But more often than not, their greetings are met with frowns.

“The first thing they look at when they see us are our bikes,” says hotelier Robert, 46, of his electric-powered bicycle.

“If we have an engine, they respect us less.”

While the Werners are convinced of the virtues of e-bikes which have pedals but also an electric motor that can assist the rider’s pedal power, others are less enthusiastic about the new revolution in cycling.

On their e-bikes, the couple powers up the 800-metre (2,600-foot) ascent to the summit of Herzogstand mountain in half an hour—without breaking a sweat.

Many purists believe exploits into nature should be powered by muesli bars, not the electricity grid, and regard the assisted cycling boom as another hi-tech intrusion into the great outdoors.

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Who in the end is paying for all these time-wasting, and – by their own definitions at least – polluting, freeloaders?

PA Pundits - International

From the team at CFACT ~

How does the United Nations convince people that they are super serious in their outrage about fossil fuels? How about flying 4,000 people from all over the world in fossil-fueled jet airplanes to isolated Salt Lake City to whine about it? Sounds like a good plan to the United Nations bureaucracy, which is sponsoring a sustainability and climate change conference this week in Salt Lake City.

The UN brags that up to 4,000 people are likely to attend, representing more 300 nongovernmental organizations (read, environmental activist groups) and more than 80 countries. There is no compelling agenda, no compelling actions items, and no expected meaningful outcome from the conference. It is simply an opportunity for leftist global activists to get together and express outrage about economic freedom and the existential global climate disruption that is the greatest crisis humanity has ever faced –…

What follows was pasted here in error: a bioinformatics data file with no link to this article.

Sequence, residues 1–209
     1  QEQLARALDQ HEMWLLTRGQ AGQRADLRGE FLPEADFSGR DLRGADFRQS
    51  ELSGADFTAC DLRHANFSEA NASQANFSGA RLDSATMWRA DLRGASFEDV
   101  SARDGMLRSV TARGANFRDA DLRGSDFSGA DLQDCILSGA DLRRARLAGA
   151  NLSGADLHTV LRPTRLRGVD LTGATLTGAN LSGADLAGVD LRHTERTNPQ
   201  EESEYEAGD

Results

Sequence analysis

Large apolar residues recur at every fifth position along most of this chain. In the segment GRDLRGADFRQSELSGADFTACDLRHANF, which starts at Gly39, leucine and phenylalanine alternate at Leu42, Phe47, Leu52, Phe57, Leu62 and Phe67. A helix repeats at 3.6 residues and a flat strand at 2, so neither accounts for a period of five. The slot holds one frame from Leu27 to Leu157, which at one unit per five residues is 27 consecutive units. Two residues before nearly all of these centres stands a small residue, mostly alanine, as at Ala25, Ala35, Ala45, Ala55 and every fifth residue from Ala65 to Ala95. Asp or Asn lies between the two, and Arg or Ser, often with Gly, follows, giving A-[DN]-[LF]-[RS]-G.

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Ex-drone, somewhere in Siberia


Incontinent pigeons could be the least of pedestrians’ worries if any of these headline-seeking flights of fancy come to fruition. Election soon?

Funding will support new technologies including electric passenger planes, flying urban taxis and freight-carrying drones, says Energy Live News.

Up to £300 million of investment has been announced for the development of cleaner and greener forms of transport in Britain.

The government will provide £125 million of funding, which will be supported by industry co-investment of up to £175 million for new technologies including electric passenger planes, flying urban taxis and freight-carrying drones.

It is part of a new Future of Flight Challenge announced by Prime Minister Boris Johnson, which will be delivered by UK Research and Innovation.

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‘You first’ might be one response. Once again the BBC, like a lot of the media, tries to frame ‘greenhouses gases’ and ‘pollution’ as the same thing, which confuses the reporting even more. Note the capital letters: ‘Zero Carbon’. All part of the make-believe future they are trying to sell to the public, but now exposed as unrealistic.

MPs say people will have to stop driving if the UK is to meet its Zero Carbon goals by 2050, reports BBC News.

The Science and Technology Select Committee says technology alone cannot solve the problem of greenhouse gas emissions from transport.

It says the government cannot achieve sufficient emissions cuts by swapping existing vehicles for cleaner versions.

The government said it would consider the committee’s findings.

In its report, the committee said: “In the long-term, widespread personal vehicle ownership does not appear to be compatible with significant decarbonisation.”

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Solar panel road [image credit: Wattway]


The rotting leaves didn’t help, says ScienceAlert. Neither did the local tractors. Solar panels should be angled towards the Sun anyway, but that kills the whole road idea.

In July, the French daily newspaper Le Monde reported that the 0.6-mile (1 kilometre) solar road was a fiasco.

In December 2016, when the trial road was unveiled, the French Ministry of the Environment called it “unprecedented”. French officials said the road, made of photovoltaic panels, would generate electricity to power streetlights in Tourouvre, a local town.